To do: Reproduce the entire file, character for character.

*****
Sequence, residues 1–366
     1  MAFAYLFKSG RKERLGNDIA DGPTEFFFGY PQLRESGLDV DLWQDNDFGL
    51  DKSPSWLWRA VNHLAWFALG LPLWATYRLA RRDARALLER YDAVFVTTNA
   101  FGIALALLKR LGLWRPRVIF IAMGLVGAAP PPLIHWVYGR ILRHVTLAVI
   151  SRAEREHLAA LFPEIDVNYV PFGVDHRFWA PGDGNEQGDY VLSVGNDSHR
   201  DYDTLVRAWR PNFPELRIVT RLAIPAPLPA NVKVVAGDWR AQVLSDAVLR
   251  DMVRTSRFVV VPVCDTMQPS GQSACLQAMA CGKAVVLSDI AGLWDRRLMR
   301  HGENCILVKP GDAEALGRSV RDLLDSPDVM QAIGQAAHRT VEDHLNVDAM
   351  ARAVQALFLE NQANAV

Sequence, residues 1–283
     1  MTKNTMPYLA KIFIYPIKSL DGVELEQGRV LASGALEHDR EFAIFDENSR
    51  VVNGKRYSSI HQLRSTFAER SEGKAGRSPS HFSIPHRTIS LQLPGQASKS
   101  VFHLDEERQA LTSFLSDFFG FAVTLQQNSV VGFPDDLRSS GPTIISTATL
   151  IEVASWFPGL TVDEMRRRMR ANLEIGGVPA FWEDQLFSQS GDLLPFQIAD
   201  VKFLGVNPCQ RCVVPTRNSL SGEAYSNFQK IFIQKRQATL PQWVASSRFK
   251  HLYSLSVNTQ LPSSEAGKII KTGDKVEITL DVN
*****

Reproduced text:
Sequence, residues 1–366
     1  MAFAYLFKSG RKERLGNDIA DGPTEFFFGY PQLRESGLDV DLWQDNDFGL
    51  DKSPSWLWRA VNHLAWFALG LPLWATYRLA RRDARALLER YDAVFVTTNA
   101  FGIALALLKR LGLWRPRVIF IAMGLVGAAP PPLIHWVYGR ILRHVTLAVI
   151  SRAEREHLAA LFPEIDVNYV PFGVDHRFWA PGDGNEQGDY VLSVGNDSHR
   201  DYDTLVRAWR PNFPELRIVT RLAIPAPLPA NVKVVAGDWR AQVLSDAVLR
   251  DMVRTSRFVV VPVCDTMQPS GQSACLQAMA CGKAVVLSDI AGLWDRRLMR
   301  HGENCILVKP GDAEALGRSV RDLLDSPDVM QAIGQAAHRT VEDHLNVDAM
   351  ARAVQALFLE NQANAV

Sequence, residues 1–283
     1  MTKNTMPYLA KIFIYPIKSL DGVELEQGRV LASGALEHDR EFAIFDENSR
    51  VVNGKRYSSI HQLRSTFAER SEGKAGRSPS HFSIPHRTIS LQLPGQASKS
   101  VFHLDEERQA LTSFLSDFFG FAVTLQQNSV VGFPDDLRSS GPTIISTATL
   151  IEVASWFPGL TVDEMRRRMR ANLEIGGVPA FWEDQLFSQS GDLLPFQIAD
   201  VKFLGVNPCQ RCVVPTRNSL SGEAYSNFQK IFIQKRQATL PQWVASSRFK
   251  HLYSLSVNTQ LPSSEAGKII KTGDKVEITL DVN